The Blessed Mary (Part 2)
We have no issue with calling the mother of our Lord as the “Blessed Mary.” After all, she was called as such by Luke, the Gospel author.
And Elizabeth was filled with the Holy Spirit, and she exclaimed with a loud cry, “Blessed are you among women, and blessed is the fruit of your womb! And why is this granted to me that the mother of my Lord should come to me? For behold, when the sound of your greeting came to my ears, the baby in my womb leaped for joy. And blessed is she who believed that there would be a fulfillment of what was spoken to her from the Lord.” (Luke 1:41b-45, ESV)
But we should “learn… not to go beyond what is written” (1 Corinthians 4:6b). We should not ascribe to her titles and functions beyond what the Bible tells us about her.
For example, indeed Mary was described as “Blessed are you among women”. But, in the Old Testament, a woman named Jael (or, Jahel), who killed an enemy of Israel (Judges 4:21–22), was described as such also: “Blessed among women be Jahel the wife of Haber the Cinite, and blessed be she in her tent.” (5:24, Douay-Rheims 1899 American Edition. Emphasis added. Note that this is a Catholic Bible) That shows us that the Bible did not give that accolade to Mary alone.
In one instance, a woman could not help but express her “envy” towards Mary.
As he said these things, a woman in the crowd raised her voice and said to him, “Blessed is the womb that bore you, and the breasts at which you nursed!” But he said, “Blessed rather are those who hear the word of God and keep it!” (Luke 11:27-28, emphasis added)
Indeed, Mary was blessed to bear our Lord Jesus and raise him up as her Son. But the Lord made it clear that He prefers (“rather”) to call blessed those who hear and obey Him.
In another instance, His family went to fetch Him. But note what the Lord said.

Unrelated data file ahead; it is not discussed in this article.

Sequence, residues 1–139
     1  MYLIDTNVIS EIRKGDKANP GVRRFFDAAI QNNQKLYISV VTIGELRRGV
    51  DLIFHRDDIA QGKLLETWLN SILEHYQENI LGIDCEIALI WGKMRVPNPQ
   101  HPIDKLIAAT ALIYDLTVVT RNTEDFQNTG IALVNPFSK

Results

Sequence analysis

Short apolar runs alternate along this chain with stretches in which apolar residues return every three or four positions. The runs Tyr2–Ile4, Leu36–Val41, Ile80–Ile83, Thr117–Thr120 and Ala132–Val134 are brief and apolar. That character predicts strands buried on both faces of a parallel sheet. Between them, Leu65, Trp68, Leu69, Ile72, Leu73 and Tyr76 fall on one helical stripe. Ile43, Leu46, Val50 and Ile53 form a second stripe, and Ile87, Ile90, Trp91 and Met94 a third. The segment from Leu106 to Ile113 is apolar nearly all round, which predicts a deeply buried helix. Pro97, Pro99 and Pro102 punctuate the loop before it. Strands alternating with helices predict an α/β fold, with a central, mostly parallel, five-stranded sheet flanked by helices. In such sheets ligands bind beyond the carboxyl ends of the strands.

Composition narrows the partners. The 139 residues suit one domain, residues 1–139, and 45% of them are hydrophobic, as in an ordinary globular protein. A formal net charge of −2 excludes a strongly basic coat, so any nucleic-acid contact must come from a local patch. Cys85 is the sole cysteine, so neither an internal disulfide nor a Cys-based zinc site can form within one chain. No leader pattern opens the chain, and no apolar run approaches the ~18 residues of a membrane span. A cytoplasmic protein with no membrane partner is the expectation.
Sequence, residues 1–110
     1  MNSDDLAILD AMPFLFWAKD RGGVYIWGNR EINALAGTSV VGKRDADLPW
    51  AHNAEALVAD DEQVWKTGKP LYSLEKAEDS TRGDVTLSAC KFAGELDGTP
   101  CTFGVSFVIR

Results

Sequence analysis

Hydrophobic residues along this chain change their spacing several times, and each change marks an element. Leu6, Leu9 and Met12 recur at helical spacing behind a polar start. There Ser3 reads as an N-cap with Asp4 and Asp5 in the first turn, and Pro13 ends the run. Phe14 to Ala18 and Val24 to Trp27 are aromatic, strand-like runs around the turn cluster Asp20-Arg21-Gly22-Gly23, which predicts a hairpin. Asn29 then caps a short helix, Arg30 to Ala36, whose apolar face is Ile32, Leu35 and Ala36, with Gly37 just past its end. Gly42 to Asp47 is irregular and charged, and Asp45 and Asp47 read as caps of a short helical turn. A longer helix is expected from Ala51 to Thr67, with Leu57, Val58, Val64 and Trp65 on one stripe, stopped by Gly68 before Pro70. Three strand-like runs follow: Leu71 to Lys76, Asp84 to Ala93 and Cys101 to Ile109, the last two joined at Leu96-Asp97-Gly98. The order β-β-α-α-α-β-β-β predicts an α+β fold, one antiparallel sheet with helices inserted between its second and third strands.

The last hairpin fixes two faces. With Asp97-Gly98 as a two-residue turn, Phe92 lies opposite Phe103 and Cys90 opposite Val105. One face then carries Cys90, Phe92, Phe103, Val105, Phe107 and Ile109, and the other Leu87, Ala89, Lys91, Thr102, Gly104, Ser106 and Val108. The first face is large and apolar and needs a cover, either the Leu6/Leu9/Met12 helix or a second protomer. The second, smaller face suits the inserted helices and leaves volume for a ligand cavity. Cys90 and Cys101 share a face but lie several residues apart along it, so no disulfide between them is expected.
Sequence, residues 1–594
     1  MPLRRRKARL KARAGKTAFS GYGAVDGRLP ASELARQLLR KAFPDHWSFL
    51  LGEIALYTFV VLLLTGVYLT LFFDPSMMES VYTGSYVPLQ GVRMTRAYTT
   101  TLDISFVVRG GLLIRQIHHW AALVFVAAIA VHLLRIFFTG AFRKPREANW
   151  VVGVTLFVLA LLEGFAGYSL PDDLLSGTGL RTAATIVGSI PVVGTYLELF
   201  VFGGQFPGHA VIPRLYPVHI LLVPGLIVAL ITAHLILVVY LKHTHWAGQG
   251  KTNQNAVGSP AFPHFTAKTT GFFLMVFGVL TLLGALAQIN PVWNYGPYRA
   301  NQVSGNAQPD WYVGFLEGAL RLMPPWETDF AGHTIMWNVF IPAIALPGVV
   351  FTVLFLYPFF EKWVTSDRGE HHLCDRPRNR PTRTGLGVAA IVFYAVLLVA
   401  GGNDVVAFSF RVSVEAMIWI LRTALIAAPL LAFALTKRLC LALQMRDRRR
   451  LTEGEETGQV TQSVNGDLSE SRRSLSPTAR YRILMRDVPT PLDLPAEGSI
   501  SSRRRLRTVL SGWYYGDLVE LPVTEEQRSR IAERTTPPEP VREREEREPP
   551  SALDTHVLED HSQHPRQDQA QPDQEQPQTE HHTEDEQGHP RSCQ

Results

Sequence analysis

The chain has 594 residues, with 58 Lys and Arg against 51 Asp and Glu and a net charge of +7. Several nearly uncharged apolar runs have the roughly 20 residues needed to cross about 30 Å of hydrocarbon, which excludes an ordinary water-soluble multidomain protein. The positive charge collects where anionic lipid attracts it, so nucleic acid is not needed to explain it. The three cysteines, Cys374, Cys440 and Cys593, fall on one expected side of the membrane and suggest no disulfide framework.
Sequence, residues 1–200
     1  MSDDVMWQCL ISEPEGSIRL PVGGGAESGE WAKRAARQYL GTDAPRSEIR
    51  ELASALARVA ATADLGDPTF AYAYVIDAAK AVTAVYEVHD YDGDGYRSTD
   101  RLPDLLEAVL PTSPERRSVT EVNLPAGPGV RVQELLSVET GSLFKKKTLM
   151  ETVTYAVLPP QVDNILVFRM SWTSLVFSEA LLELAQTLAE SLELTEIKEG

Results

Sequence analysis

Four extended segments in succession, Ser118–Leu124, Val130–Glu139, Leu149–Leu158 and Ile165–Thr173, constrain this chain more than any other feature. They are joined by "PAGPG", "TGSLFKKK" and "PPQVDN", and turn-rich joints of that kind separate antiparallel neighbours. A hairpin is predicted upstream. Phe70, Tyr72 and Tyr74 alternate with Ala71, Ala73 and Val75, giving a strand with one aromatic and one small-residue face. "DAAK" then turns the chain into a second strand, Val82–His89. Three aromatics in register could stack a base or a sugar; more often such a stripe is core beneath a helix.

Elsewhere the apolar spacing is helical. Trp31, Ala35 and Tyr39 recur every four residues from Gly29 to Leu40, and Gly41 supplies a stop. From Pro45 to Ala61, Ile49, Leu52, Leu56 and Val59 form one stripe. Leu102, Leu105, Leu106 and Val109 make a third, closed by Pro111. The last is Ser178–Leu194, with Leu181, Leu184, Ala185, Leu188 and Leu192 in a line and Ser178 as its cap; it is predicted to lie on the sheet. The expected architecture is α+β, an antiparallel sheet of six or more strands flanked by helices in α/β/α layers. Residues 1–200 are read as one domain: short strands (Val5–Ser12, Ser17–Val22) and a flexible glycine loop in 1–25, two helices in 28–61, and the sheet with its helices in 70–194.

Then his mother and his brothers came to him, but they could not reach him because of the crowd. And he was told, “Your mother and your brothers are standing outside, desiring to see you.” But he answered them, “My mother and my brothers are those who hear the word of God and do it.” (Luke 8:19-21)
It’s not that the Lord denied that Mary was blessed. It’s not that He was disassociating Himself from His family. But what He emphasized was that blessedness was not about being connected to Him by blood but being compliant to His Word.
Family relationships are not the most important things in life. A woman noted that it must have been wonderful to have been Jesus’ mother. The idea of physical relationship was more important in that day. The whole nation took pride in the fact that they descended from Abraham (cf. John 8:33–39). Jesus pointed out that a physical relationship was unimportant compared with hearing and obeying the Word of God. As Luke emphasized, the gospel is not limited to Israel but is for all who trust in Christ. 
 John A. Martin, “Luke,” in The Bible Knowledge Commentary: An Exposition of the Scriptures, ed. J. F. Walvoord and R. B. Zuck, vol. 2 (Wheaton, IL: Victor Books, 1985), 236. Emphasis added.